Celia Baldwin is a GreenSchool Educator at The New York Botanical Garden.
The Frida Kahlo exhibition that graced the Enid A. Haupt Conservatory from May until October offered visiting GreenSchool students an inspiring way to get inside the head of a wildly talented artist, and make some revealing connections—and art—of their own. As students entered the vivid Casa Azul and strolled alongside the shiny green Swiss cheese plants, smelled the sweet bougainvillea, and examined sunset-hued marigolds and sunflowers up close, they responded with smiles to the color, texture, and forms they noticed. When they saw the papaya-colored pyramid adorned with cacti and succulents, they looked closely, and tried not to touch. This was not some sleepy garden show their teachers were bringing them to, but something bold and fun and relatable.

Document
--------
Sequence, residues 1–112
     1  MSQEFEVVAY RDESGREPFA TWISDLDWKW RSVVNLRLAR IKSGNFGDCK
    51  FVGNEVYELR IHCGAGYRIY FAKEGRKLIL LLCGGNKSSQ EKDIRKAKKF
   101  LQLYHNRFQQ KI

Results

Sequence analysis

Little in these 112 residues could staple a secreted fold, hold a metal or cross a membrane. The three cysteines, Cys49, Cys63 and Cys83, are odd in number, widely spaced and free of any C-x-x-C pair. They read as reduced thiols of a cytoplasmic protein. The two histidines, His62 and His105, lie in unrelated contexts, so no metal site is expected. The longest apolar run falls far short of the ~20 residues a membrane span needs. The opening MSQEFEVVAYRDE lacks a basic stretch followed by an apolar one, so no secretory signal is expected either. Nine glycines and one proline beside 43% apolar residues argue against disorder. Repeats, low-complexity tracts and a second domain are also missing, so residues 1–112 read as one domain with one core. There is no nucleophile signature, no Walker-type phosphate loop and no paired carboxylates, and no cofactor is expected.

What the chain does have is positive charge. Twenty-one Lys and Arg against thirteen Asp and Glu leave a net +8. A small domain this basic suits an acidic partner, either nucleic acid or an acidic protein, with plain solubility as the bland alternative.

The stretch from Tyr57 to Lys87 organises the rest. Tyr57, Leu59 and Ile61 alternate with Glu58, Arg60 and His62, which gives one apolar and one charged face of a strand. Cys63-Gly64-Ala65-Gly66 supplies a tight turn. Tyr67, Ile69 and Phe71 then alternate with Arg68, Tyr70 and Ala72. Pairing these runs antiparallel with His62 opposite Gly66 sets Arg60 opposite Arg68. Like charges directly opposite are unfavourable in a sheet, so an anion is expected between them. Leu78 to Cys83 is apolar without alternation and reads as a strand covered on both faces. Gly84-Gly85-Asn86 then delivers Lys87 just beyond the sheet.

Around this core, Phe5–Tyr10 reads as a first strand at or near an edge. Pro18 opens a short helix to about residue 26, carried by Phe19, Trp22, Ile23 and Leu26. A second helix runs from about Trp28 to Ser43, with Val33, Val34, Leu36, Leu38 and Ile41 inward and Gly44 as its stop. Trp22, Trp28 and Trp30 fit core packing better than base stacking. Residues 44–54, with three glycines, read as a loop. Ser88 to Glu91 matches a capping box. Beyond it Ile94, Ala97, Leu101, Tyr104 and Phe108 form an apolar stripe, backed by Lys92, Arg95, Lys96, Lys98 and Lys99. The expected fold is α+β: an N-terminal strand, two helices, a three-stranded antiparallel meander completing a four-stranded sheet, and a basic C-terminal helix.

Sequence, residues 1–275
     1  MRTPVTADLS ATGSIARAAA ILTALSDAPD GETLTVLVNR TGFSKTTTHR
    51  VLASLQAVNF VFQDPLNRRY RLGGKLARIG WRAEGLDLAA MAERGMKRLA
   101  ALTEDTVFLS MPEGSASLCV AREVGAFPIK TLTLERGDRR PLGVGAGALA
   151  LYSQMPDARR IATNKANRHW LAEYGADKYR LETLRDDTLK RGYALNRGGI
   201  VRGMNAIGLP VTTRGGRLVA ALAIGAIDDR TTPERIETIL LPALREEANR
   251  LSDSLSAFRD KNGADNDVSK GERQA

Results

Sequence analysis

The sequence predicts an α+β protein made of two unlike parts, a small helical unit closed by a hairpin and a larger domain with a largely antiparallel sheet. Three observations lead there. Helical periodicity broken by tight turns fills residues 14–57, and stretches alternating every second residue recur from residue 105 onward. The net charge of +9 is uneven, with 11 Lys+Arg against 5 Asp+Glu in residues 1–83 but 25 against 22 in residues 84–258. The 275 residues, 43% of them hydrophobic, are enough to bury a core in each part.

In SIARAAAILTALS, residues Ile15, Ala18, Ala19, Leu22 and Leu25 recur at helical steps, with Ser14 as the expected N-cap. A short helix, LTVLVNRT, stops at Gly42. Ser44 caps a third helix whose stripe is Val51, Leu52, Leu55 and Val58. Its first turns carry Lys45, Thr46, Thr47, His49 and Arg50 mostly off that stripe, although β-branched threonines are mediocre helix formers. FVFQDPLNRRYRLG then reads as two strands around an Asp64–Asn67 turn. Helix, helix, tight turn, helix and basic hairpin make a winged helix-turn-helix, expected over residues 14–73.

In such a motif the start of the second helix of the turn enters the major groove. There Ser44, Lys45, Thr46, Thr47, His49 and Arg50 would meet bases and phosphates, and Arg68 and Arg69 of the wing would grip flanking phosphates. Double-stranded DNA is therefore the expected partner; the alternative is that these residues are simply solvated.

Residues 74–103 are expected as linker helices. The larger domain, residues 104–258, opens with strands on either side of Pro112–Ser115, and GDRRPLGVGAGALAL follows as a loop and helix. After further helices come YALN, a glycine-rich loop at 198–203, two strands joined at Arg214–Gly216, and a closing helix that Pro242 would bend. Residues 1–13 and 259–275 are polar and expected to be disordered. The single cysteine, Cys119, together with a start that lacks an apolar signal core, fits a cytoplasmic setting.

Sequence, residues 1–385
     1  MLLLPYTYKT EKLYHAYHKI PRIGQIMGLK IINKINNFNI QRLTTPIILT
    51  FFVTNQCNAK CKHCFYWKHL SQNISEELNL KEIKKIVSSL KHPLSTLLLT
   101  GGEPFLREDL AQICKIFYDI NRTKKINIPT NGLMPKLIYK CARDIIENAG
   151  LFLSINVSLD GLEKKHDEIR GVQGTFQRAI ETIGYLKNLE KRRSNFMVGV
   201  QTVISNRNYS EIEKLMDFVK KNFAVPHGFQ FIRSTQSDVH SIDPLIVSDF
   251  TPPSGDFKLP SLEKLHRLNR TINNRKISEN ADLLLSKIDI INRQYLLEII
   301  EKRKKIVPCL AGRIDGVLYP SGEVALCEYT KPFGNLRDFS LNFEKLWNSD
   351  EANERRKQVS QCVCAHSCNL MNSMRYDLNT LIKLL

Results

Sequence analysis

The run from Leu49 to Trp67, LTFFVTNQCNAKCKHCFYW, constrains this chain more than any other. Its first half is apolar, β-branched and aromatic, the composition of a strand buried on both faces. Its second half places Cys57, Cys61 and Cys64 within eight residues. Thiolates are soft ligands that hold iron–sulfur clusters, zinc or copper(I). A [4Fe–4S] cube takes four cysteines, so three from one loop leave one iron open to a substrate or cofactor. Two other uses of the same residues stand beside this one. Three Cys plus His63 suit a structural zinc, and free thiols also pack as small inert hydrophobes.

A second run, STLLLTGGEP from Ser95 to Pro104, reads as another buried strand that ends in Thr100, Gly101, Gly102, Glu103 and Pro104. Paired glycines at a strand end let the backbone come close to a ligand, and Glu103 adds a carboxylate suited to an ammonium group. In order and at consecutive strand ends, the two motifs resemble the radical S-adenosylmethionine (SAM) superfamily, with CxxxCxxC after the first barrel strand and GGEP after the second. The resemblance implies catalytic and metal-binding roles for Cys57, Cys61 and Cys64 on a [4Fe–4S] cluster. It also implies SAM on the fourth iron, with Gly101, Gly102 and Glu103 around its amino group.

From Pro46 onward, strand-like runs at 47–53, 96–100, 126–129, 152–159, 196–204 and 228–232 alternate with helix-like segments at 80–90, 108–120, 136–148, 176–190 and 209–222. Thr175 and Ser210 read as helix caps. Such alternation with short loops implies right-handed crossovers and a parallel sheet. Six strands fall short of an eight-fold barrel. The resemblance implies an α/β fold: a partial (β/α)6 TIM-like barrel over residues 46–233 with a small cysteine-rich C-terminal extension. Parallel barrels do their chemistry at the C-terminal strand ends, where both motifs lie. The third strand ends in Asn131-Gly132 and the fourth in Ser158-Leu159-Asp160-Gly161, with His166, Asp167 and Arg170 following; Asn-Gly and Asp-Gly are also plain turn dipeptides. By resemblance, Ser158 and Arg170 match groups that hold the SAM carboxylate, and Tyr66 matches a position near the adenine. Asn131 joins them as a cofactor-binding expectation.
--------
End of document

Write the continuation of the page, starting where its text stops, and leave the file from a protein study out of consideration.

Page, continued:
On October 23, a group of students from Waldwick High School in New Jersey came to view the exhibition with Spanish teacher Vanessa Monell. Their goal was to immerse themselves in the living world of Frida Kahlo after being introduced to her life story in the weeks since school began in September. These high schoolers said they were drawn to Frida’s story of suffering and fortitude, of her strong need to define her life on her own terms and to find a way to communicate her emotional intensity through art.